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Carillon Park Eagles Come Back To Nest For A Second Year

Bald eagles Willa and Orv are nesting at Carillon Park for the second year.
courtesy of Jim Weller
Bald eagles Willa and Orv are nesting at Carillon Park for the second year.

WYSO Curious is our series where listeners ask questions and WYSO producers find the answers. Today’s question comes from listener Heather Atkinson who says "I am so very curious about Willa and Orv, the bald eagle pair who have been nesting in Carillon.”

"Eagle Ambassador" Jim Weller shows visitors where to find Willa and Orv.
Credit Renee Wilde / WYSO
"Eagle Ambassador" Jim Weller shows visitors where to find Willa and Orv.

Orv and Willa, the Bald Eagles have come back to their nest for a second year at Carillon Park, and Jim Weller, Dayton’s ambassador for the eagles, is keeping his eye on them. On any given day you can find Weller standing in front of the vintage Sunoco station the Carillon Park village. The spot offers the best viewing of the eagles nest located in the tree line.

Weller says they started building that nest up there on January 31st, 2018, just a little over a year ago. He and other volunteers watched them as they flew back and forth along the Miami River trying to decide between Island Park, north of Dayton and here at Carillon park.

Weller remembers, “for the whole month of January last year, and finally they started carrying sticks in here. Actually she started carrying sticks in here and he finally caught on that, ok she’s made up her mind and that’s where she wants to build the nest”.

For Weller, being the Ambassador for Dayton’s Bald Eagles is a dream come true.

“As a child I would lay on the hillside and want to see a bald eagle fly over, and there just weren’t any around,” Weller reminices, “That was back in the day when Bald Eagles were very rare. In fact in the Dayton area we had no bald eagles for 70 years - from 1938 to 2008. I feel blessed, I’m able to see them everyday now.”

When the eagles came back in 2008, Weller realized that there was a need for someone to be a spokesperson for the eagles. At that point he started a group called the Eastwood Eagle Watchers, named after where the first eagle was spotted returning to the Dayton area.

Weller explains that the group was formed “With the purpose of educating people about the eagles. And also to protect them from being intruded upon by curious people who just don’t realize that if you get close to an eagles nest it can have very fatal results for either an egg that’s being incubated or for a baby who can’t yet thermoregulate itself or protect itself from predators, because once mom and dad are off the nest the baby is vulnerable.”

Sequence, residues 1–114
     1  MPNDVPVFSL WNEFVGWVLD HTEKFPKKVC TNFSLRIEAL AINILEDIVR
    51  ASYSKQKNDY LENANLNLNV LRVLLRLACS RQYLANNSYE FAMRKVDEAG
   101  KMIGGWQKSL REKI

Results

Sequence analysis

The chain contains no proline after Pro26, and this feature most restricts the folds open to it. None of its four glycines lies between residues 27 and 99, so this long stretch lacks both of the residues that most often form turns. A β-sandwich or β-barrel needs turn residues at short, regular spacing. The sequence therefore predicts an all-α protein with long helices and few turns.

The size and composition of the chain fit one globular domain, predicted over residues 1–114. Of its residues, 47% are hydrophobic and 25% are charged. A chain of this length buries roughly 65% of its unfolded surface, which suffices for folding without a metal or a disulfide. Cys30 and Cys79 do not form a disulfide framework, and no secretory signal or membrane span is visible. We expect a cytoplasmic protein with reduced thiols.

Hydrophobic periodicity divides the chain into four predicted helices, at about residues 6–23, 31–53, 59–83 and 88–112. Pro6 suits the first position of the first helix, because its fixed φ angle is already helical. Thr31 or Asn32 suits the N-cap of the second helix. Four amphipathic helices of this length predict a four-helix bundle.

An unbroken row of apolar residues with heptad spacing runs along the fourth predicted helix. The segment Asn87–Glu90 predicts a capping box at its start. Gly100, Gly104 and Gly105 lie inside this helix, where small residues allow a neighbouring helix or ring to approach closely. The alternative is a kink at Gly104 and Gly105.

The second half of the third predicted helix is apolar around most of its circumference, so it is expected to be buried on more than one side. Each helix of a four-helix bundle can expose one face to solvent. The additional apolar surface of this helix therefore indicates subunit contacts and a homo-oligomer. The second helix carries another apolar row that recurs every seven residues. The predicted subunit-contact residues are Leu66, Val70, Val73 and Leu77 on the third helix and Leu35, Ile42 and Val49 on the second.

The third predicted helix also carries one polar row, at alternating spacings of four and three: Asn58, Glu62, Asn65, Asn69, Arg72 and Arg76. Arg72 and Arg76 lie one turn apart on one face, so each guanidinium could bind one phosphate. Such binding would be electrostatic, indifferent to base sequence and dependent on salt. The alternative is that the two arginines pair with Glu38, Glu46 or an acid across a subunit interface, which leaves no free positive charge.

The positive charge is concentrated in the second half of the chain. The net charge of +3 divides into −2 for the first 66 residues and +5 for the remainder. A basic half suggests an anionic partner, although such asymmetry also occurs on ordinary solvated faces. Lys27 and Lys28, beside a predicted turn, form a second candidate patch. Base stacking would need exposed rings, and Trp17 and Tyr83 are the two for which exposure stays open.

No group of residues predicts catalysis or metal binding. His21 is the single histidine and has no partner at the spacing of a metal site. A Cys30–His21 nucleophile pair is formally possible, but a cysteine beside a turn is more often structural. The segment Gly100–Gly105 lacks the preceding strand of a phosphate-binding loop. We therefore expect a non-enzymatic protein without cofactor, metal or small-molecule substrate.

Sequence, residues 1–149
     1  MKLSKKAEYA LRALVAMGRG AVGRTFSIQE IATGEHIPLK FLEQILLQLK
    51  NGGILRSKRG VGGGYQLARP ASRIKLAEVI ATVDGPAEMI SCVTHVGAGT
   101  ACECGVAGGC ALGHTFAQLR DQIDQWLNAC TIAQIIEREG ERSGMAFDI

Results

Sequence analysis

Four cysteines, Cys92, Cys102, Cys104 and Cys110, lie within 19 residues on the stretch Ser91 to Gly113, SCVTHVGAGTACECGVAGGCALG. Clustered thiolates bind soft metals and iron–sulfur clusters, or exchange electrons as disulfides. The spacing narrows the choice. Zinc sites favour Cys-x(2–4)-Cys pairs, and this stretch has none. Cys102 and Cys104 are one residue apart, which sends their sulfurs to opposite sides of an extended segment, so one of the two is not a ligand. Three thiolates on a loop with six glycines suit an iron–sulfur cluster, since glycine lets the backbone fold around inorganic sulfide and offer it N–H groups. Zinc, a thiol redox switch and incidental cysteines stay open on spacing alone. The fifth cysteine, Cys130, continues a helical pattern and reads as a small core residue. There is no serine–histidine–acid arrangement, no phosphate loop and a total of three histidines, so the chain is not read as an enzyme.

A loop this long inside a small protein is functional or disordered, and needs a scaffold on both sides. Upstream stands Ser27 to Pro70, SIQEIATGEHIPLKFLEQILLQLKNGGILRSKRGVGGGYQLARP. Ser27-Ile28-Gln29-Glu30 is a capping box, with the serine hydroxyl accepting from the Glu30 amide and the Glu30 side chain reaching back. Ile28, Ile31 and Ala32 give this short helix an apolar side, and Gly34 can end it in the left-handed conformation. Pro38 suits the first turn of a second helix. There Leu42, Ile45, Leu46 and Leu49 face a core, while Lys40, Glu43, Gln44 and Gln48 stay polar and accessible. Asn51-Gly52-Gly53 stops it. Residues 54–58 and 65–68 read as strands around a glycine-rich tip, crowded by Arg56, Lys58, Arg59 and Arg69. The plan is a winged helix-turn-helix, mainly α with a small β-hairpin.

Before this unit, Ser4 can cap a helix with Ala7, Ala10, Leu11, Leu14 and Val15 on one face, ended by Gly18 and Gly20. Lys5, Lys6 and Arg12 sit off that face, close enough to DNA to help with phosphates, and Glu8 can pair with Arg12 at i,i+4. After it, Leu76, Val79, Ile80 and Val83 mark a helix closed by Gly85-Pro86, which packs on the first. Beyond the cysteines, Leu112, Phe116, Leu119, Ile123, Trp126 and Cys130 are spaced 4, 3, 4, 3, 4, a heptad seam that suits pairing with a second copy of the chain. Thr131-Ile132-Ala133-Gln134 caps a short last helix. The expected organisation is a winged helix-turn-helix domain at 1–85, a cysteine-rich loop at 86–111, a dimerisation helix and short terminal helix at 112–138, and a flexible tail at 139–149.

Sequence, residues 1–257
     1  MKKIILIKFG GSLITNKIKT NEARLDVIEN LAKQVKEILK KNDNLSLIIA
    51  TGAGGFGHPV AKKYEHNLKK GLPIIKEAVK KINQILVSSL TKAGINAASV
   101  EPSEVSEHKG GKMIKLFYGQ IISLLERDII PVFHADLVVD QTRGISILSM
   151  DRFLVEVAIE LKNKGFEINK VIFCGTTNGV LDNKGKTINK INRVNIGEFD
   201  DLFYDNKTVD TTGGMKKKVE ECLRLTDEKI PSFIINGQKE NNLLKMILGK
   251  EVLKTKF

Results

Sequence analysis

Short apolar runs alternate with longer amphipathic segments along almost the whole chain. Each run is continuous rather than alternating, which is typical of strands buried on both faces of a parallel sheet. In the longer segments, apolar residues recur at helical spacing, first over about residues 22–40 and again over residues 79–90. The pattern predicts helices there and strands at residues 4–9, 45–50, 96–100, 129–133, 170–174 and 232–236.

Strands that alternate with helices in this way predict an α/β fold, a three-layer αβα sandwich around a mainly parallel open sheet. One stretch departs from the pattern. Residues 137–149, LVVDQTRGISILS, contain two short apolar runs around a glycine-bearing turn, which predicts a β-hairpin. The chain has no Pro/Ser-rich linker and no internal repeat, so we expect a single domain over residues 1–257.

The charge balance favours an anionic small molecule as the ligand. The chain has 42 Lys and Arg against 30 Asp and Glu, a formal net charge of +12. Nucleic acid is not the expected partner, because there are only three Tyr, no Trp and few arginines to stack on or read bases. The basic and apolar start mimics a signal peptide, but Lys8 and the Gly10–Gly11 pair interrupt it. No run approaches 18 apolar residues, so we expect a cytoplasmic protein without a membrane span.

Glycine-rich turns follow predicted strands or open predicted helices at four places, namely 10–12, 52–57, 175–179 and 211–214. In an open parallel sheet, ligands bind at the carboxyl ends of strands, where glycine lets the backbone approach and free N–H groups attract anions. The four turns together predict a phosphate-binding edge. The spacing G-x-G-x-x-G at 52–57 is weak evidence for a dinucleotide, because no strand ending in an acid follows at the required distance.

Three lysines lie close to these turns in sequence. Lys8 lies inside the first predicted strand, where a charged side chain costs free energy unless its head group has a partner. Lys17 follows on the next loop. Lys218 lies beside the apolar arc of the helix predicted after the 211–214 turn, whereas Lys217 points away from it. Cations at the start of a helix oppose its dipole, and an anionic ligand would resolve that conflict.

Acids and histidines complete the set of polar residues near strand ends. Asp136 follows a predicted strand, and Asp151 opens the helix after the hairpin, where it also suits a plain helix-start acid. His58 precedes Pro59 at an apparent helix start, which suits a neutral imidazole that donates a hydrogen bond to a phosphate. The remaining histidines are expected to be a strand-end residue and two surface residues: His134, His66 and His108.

As a park volunteer and the resident eagle expert, Weller gets a huge kick out of park visitors.

“ I was out here one time with a little boy. All of a sudden, here comes Willa. Now you’ve got to understand that Willa, our female, has about a seven foot wingspan. When she flies, it’s pretty impressive. She came out of nowhere from behind us, over the top of us, flew up into the nest. I looked over and the little boy was jumping up and down, ‘grandpa, grandpa, grandpa there’s an  eagle, there’s an eagle, there’s an eagle!’ I look over and grandpa is jumping up and down too. He’d never seen one and he was probably 75 years old. It just melts your heart.”

Leo DeLuca, the Media Coordinator at Carillon Park, finds their choice of nesting spots in the park to be a bit serendipitous, “You know, we really feel like it was a great benediction that the Bald Eagles choose to build their nest here.”

Orv and Willa’s nest is perched right above the Wright Brothers National Museum in the park. “So you have this National Symbol of flight building their nest above a national symbol of flight,” explains DeLuca.

Willa and Orv are parents again this year.
Credit courtesy of Jim Weller
Willa and Orv are parents again this year.

After the tragic death of Flyer, Orv and Willa’s baby from last year who was hit by a moving van while flying across a bridge, Weller was thrilled to find out that this pair of eagles are parents again.

“You know these things happen,” Weller says, “ In my blog that I put on the Eastwood Eagle Watchers Website that I’ve had for ten years, I always put on there that life in the wild is wild. Because people start coming out and watching these wild creatures, and you get your heart wrapped up in the story and then something tragic happens. And I always try to make sure that people aware that bad things can happen.....but good things can happen too. So you’ve got to be prepared for the bad, but you have to expect the good. It’s just amazing to watch them thrive out here”

This spring, three new eaglets have been spotted in the nest above Wright Hall. 


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